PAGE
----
Joachim Fels, the London-based global head of economics at Morgan Stanley, told delegates at this year’s PERE Global Investor Forum in Amsterdam why he had changed from being a pessimist into a long term optimist about Europe’s economic prospects.
In an opening keynote address at the Hotel Okura on October 25, Fels first presented a cautionary analysis of the world. Then he explained how reforms and improved competitiveness in Europe had persuaded him to be positive about the region.
He said that worldwide, growth was bumpy, below par, and brittle – a “Triple b” recovery in other words. In India, the government-led consumption growth model was broken, as was the commodity-led growth models in Brazil and Russia. Meanwhile, Chinese exports had fallen for several months in a row. In each of these countries, transitions to alternative models hadn’t yet been achieved.
Indeed, as if private equity real estate professionals weren’t already spooked enough by these worrying indicators, Fels suggested that for virtually all of next year the world would continue to be in the “twilight zone”. “You could even call this relative economic stagnation. As well as growth models in emerging countries being broken, in the advanced economies there have been major spikes in policy uncertainty such as the ‘fiscal cliff’ in the US, which implies another deep US recession. In Europe, the Greek restructuring also added to this feeling.”
In order to prevent a global recession, central banks in mature economies were using quantitative easing while in emerging markets such as China, structural and social security reforms were needed to enable consumer-led growth. In Brazil, infrastructure investment was needed to support non-commodities manufacturing, while in India tax reform was needed to stimulate private sector investment.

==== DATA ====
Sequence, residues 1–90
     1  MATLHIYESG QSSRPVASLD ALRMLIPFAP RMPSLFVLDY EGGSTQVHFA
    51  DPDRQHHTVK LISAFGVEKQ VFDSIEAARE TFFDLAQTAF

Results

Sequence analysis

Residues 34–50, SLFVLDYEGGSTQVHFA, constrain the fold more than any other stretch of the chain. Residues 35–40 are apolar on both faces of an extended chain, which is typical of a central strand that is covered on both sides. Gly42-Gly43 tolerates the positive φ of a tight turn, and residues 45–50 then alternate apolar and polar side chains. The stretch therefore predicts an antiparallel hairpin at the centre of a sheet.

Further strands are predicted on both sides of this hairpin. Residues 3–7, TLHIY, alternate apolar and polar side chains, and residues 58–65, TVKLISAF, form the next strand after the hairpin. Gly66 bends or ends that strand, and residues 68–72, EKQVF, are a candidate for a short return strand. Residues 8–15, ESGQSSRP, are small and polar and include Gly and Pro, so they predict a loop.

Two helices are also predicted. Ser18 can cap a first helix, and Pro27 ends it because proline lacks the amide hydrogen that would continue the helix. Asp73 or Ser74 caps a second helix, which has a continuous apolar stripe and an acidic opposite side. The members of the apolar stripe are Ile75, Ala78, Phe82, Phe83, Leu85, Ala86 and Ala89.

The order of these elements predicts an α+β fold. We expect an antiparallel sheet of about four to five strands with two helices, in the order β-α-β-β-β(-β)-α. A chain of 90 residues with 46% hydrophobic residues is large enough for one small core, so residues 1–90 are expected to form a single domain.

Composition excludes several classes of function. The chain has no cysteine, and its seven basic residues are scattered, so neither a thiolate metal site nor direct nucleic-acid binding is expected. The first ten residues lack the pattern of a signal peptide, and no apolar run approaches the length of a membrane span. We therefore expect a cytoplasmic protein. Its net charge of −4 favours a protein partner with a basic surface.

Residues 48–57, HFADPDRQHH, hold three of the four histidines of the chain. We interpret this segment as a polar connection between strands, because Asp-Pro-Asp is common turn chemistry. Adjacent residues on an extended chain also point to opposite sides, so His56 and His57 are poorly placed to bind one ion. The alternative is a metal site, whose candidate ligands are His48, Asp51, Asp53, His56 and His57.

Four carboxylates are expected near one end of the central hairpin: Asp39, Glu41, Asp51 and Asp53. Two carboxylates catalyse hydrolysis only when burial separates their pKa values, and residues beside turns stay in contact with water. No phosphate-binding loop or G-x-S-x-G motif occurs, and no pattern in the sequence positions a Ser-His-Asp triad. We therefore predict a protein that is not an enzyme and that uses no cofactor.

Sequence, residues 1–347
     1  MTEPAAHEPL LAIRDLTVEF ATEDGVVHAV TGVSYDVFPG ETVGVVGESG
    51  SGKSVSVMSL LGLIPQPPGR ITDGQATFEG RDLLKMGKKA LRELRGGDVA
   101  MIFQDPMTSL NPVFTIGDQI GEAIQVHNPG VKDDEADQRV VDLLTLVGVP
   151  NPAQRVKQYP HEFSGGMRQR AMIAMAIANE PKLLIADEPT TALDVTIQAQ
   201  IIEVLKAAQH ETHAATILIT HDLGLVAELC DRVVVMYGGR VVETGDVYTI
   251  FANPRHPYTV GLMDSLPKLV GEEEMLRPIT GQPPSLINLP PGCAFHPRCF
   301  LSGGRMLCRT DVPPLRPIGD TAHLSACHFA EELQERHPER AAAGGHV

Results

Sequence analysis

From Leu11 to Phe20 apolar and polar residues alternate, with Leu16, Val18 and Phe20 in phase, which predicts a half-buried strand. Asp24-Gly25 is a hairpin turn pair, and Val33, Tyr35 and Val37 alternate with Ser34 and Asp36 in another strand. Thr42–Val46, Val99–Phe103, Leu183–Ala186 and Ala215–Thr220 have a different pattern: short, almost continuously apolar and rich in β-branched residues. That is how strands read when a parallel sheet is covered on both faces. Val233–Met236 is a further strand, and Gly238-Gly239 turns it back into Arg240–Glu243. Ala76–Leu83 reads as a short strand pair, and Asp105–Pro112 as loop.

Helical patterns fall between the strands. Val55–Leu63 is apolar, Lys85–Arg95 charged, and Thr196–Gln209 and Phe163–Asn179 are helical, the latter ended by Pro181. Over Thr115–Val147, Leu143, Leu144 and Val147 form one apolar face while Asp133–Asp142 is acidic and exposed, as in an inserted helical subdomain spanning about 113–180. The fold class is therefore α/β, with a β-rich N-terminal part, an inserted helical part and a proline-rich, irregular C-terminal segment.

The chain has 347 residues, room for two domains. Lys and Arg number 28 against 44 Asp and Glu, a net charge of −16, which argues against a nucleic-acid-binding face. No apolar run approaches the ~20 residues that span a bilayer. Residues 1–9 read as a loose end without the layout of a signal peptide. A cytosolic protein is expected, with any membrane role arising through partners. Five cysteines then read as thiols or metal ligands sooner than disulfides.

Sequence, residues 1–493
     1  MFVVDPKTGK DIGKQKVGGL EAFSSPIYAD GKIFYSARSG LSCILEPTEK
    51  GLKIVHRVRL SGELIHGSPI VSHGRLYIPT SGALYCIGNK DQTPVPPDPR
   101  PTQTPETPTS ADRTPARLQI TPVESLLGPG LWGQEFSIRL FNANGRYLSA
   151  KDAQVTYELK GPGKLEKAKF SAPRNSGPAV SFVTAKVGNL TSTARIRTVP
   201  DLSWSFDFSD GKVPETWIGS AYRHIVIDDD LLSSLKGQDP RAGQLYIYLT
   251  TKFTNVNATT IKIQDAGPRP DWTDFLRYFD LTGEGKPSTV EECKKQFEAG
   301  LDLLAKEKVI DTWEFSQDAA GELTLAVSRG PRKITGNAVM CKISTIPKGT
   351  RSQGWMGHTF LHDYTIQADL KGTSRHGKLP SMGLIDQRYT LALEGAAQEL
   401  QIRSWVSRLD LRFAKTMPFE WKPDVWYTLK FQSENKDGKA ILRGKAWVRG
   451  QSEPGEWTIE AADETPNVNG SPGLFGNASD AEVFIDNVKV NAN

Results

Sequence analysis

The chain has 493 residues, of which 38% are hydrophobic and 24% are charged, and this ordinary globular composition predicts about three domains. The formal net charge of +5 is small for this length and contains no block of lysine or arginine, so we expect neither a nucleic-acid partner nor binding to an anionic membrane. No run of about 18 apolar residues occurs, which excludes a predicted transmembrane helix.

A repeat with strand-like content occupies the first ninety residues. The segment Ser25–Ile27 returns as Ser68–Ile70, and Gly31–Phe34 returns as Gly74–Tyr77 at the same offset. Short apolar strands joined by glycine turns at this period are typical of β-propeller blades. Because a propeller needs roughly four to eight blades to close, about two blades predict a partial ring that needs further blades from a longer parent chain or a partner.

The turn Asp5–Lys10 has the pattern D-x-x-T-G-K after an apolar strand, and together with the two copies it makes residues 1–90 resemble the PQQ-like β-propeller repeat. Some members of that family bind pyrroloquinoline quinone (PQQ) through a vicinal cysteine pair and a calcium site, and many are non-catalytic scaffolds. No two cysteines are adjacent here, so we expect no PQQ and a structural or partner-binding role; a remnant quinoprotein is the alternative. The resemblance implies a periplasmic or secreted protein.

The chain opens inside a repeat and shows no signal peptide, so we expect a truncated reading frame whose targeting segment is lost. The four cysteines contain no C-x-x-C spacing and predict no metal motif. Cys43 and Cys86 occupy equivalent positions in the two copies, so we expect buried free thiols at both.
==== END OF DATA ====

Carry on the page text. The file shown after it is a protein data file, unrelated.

However, on Europe the assessment was surprisingly upbeat. Fels said beginning ten years ago, he used to be pessimistic about Europe’s future when France and Germany failed to keep their budget deficits to below three percent. The resultant coalition, he said, had led to much higher budgets that he thought could eventually lead to a euro break-up.
“We got pretty close. However I am now much more optimistic on the future of Europe. Deficit countries are regaining competitiveness, for example in Spain where costs are down 10 percent from the peak. At the same time, the surplus countries such as Germany are seeing costs increase.” He argued governments now understood that they needed to create banking and possibly future fiscal union, which had become clear over the summer. Meanwhile, the European Central Bank (ECB) had stepped up as lender of last result for governments, willing to buy government bonds for countries that were subject to an “adjustment programme”.
“The risk of European divorce – or break up – has been reduced,” said Fels. “We now have a much better chance of ending up in the European renaissance scenario. Countries are regaining competitiveness and Spain, Portugal and Ireland have pushed through major reforms that would not have happened without this crisis and could lead to growth. That is a reason to be a long-term optimist on Europe.”
Overall, he had a positive message for delegates. “In some parts of the world, real estate is starting to pick up. If central banks keep doing what they are doing, they will push asset prices higher amid asset-type inflation. I think that in those countries that did not have a huge real estate bubble in the first place, this is where one sees clear sign of a pick-up in real estate. I have some doubts that in some countries that went through a real estate bubble, we will see another real estate bubble any time soon. Bubbles are more likely in say equities or in some emerging markets.”
Second day innings
Also speaking at the PERE Forum, Mary Ricks likened the deleveraging process in Europe to being in the second day of a five-day Test cricket match. The president and chief executive officer at Kennedy Wilson Europe was asked what stage the region was at by Russell Platt, co-founder of Forum Partners in a panel session called “Global opportunities in equity and debt”. Ricks said she had seen a lot of sales of distressed debt in the last two quarters, and that there was now loan-on-loan financing available, unlike a year ago. “The market is evolving. It may be evolving a little slower than originally anticipated but that is because of government involvement that has pushed off the deleveraging process.” When asked which particular market excited her, she answered Ireland. “Peak-to-trough the real estate market fell a long way, but it is bottoming a little.” She added Kennedy Wilson was close to investing in a multi-family property in Ireland. The firm is in talks to buy it for the price that a developer paid for the land in 2004. At press time, the firm was also in talks to buy State Street’s HQ in Dublin.